The current legal and moral discussions refer to medical professionals administering the fatal dose. It’s not yet clear how this would (or will) be done and what administrative procedures would be written into the law.

When my mother was 80 and in hospital after suffering a number of devastating strokes, she could only speak in gobbledygook, but was otherwise aware. Knowing how much she was suffering, I told the excellent head nurse that we all wished it could be over, by whatever means it took. She just nodded.

After we returned from lunch, she led me aside and said that our mother had just peacefully passed away. I was never more grateful for anything in my life.

We don’t need a bureaucratic law, just simple compassion and understanding. I hope if ever I’m in the same situation, such a nurse or doctor will be on hand, whatever the law may say.

The professionals should not be hampered by ill-considered laws made by sometimes ignorant politicians or religious fanatics, often of the Christian kind.

There is also the opposite case. We in England had Harold Shipman, a British Doctor who killed more than two hundred of his patients for money.

There have been a handful of those, but I believe the evidence shows that people requesting this service, whether for themselves or others, are acting out of overwhelming compassion and need.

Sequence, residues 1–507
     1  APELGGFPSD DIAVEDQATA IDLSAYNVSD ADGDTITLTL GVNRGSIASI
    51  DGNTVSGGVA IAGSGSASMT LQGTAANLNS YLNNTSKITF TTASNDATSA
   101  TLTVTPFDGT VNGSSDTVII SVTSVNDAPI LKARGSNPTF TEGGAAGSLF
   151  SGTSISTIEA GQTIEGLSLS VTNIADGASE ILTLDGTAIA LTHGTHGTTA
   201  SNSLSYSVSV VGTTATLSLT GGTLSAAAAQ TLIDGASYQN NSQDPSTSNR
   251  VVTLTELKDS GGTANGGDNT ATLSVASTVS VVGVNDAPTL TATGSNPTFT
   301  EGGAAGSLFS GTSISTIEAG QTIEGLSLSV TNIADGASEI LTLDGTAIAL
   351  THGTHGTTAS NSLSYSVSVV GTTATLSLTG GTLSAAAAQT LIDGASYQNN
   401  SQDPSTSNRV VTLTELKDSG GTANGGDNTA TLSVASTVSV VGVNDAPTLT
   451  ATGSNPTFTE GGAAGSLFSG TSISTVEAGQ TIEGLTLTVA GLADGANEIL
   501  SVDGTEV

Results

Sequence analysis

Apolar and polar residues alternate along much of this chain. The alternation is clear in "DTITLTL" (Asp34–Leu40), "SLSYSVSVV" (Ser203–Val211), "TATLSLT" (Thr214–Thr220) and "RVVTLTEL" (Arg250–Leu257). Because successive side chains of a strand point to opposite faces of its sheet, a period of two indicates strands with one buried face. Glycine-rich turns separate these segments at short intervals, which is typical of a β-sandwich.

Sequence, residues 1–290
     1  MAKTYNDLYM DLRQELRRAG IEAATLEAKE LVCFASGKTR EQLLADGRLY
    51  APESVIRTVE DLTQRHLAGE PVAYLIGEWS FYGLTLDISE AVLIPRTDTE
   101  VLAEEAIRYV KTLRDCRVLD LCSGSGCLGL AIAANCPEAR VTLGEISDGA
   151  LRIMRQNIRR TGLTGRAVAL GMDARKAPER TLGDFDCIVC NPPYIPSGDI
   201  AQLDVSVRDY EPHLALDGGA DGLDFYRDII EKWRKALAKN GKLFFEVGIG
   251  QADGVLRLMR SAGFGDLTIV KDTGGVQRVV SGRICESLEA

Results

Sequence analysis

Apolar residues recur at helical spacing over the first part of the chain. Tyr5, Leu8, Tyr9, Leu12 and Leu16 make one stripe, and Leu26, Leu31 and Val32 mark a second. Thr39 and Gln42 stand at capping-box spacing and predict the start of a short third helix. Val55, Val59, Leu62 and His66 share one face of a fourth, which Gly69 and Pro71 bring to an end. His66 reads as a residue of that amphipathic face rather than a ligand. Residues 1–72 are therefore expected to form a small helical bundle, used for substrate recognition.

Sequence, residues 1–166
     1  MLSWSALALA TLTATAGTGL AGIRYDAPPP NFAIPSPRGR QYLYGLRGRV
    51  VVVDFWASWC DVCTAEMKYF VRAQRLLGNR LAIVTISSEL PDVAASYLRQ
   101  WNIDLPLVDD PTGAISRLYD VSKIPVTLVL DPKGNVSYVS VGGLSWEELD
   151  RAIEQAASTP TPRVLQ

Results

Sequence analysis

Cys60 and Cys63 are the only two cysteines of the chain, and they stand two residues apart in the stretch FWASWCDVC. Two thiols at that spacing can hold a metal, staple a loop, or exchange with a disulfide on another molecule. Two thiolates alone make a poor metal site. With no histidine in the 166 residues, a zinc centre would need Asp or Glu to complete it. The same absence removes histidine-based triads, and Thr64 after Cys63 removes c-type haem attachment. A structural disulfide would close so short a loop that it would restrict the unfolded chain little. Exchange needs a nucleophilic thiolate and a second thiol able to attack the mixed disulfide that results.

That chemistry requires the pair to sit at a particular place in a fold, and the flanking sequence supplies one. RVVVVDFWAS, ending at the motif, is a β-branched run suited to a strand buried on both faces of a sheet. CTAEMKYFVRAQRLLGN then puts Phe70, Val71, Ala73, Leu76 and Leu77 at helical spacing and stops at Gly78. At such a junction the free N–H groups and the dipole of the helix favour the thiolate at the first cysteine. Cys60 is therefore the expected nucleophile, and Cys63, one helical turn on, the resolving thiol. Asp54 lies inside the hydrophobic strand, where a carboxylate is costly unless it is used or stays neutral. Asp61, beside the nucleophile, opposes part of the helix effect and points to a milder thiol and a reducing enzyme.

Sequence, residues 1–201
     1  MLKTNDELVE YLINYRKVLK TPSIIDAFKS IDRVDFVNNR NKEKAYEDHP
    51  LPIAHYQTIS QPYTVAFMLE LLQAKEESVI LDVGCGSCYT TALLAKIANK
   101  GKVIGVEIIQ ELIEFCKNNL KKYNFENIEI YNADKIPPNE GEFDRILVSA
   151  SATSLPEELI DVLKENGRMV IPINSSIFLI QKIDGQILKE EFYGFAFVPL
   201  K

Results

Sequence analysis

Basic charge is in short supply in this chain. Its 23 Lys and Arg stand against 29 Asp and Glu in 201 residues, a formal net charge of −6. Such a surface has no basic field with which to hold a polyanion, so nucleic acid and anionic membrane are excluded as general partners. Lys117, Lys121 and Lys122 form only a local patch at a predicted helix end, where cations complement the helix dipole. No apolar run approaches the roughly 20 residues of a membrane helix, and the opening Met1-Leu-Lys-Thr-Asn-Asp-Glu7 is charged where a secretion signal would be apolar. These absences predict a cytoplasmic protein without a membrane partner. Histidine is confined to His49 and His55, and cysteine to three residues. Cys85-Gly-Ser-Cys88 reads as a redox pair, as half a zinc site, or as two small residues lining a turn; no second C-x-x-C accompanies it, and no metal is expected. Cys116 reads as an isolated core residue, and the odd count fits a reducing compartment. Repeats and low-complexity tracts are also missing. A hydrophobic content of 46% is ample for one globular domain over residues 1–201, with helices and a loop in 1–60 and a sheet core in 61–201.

I know. I’ve been there.

John Evans

Coming soon to a bookseller near you: Practical Mysticism: A different way of looking at the world.

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Syntagma is back from summer hols

We are back in business again and will be adding new material in a day or two.

I hope all our readers are having a stimulating summer.

John Evans

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Midweek Mysticism: The end of the road?

Extra Sensory Perception

When I was six or seven I encountered death for the first time. I found my pet budgerigar stiff in the sawdust at the bottom of his cage.

I was both devastated and fascinated. I could see he was dead because something mysterious had left his body.

Later I called this, personage because it was what made him who he was. And now it had vanished. The aliveness was gone.

Much later I had the same experience when both my father and mother passed away.

My psychology professor refused to expand on the topic because, he said, it was a religious thing, not psychological.

I couldn’t see the difference. If personage doesn’t impinge on psychology what does? I think he was a little scared of death, as so many people are.

Determined to get to the bottom of the mystery I sought out the people who were equally fascinated by it. The first was a psychologist, the great Carl (C.G) Jung who led me into, first, mythology and then mysticism, all through his voluminous writings which have lasted well.

But I wanted more. I had read many mystical books in which some advanced souls had experienced “death in life”, that is to say mystical (spiritual) experiences, including out-of-body states.

Later I went through the gamut of such experiences myself, all within the context of a normal life. These were always given not self-induced, although years of reading and practice must have played a part. I think life will deliver what you ask for, if you make the right preparations.

All this has confirmed what has always been believed — better, known — by advanced souls and mystical adventurers: that death is not what it seems.

It is much more interesting than that.

John Evans

Coming soon to a bookseller near you: Practical Mysticism: A different way of looking at the world.